Appeal from the District Court of the United States for the Southern District of New York.
Before L. HAND, SWAN, and CLARK, Circuit Judges.
The appellant was convicted, with three codefendants who have not appealed, of conspiracy to operate unregistered stills. It is conceded that the codefendants owned and operated illicit stills and purchased therefor large quantities of sugar from the appellant, who conducted a grocery store at 106th Street and First Avenue in New York City; but it is urged that the proof is insufficient to establish that the appellant was a party to the conspiracy. In reliance upon United States v. Falcone, 311 U.S. 205, 61 S. Ct. 204, 85 L. Ed. 128, and Direct Sales Co. v. United States, 319 U.S. 703, 63 S. Ct. 1265, 87 L. Ed. 1674, the appellant contends that selling sugar to illicit distillers with knowledge that they would use it in violation of the law does not prove him to have been a participant in their conspiracy, even though his sales may have furthered the object of the conspiracy. But the proof in the case at bar shows a much more direct participation in the conspiracy than appeared in the cases above cited. Here the sales were not made openly at the appellant's place of business; he arranged to take orders by telephone under code words, and he delivered the sugar furtively at night, once at one of the illicit stills and generally at a coal yard where the sugar was transferred from the appellant's truck to the bootleggers' automobiles. He knew of the conspiracy, for Thomas Sharp was introduced to him by Blenhyme with the remark: "This is one of the syndicate that I was buying stuff for. He will be doing the buying now." He also aided the conspirators to conceal their purchases by failing to make the record of sugar sales required by governmental regulations. The assistance so given the illicit distillers was sufficient to support a finding that the appellant had made himself a party to the illegal conspiracy. United States v. Pandolfi, 2 Cir., 110 F.2d 736 certiorari denied 310 U.S. 651, 60 S. Ct. 1103, 84 L. Ed. 1416; United States v. Pecoraro, 2 Cir., 115 F.2d 245, 246 certiorari denied 312 U.S. 685, 61 S. Ct. 611, 85 L. Ed. 1123.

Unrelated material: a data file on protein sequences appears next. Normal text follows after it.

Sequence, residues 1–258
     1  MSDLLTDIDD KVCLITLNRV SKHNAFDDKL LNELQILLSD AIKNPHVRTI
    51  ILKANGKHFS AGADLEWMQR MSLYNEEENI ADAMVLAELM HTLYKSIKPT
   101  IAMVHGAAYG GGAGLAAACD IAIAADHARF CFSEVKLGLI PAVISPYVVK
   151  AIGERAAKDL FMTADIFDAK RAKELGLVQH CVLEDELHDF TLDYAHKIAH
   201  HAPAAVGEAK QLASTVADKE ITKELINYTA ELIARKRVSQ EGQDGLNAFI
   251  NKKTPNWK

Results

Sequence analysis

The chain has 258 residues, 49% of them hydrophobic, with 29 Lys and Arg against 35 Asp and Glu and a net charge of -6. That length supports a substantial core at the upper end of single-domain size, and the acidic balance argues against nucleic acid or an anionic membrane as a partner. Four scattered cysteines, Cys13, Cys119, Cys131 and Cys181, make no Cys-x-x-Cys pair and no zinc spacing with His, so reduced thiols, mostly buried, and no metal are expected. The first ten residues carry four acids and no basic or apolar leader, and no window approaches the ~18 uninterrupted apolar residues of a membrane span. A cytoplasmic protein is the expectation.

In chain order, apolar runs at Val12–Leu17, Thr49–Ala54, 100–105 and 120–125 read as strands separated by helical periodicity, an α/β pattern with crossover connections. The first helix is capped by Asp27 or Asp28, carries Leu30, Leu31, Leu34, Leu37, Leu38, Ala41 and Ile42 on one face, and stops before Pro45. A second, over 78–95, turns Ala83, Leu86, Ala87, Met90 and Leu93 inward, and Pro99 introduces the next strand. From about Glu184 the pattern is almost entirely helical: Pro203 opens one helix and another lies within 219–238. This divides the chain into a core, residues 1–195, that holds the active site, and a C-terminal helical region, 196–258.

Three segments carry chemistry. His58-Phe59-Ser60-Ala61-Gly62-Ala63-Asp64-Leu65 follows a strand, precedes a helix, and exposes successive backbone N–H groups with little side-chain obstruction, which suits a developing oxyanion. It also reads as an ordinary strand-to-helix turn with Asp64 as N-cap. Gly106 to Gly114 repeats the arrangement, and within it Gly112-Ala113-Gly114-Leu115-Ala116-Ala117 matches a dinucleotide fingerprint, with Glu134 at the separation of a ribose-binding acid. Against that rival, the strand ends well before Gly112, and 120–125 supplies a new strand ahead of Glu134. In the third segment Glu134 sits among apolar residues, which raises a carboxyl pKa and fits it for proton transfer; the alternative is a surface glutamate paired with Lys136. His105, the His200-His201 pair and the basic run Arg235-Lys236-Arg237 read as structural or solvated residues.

It is urged that error was committed in the trial by receiving, over appellant's objection, testimony of admissions made by him to an agent of the Alcohol Tax Unit in November, 1942, that "he had sold sugar to bootleggers in the past. And he said he had expected to continue to sell sugar, because there was a very good profit in it; that he was afraid of the O.P.A. that they might put him out of business, but that if his records and books and inventory were examined that no discrepancies would be found, and that he always had someone who could cover him on any sales of sugar which he might make." The appellant argues that there is nothing to identify the bootleggers referred to in the admission as those with whom he was charged with conspiring; hence the admission was irrelevant. But if his statement referred to the sales which had been proved it was clearly relevant, and that it did is a permissible inference. The jury might have been instructed to disregard it unless they believed it did refer to such sales, but no such instruction was requested.
The final contention is that the evidence, if sufficient to prove the appellant a party to the conspiracy, proves him guilty of the substantive crimes, and therefore he cannot be convicted of conspiracy to commit them. The appellant misunderstands the doctrine to which we referred in United States v. Zeuli, 137 F.2d 845.It is limited to cases in which the substantive crime involves the mutual co-operation of two or more persons and cannot be committed by a single individual. All of the substantive crimes contemplated by the conspiracy charged in the indictment at bar could have been committed by one person. The attempt to stretch the Zeuli doctrine to cover the appellant's situation is wholly without merit.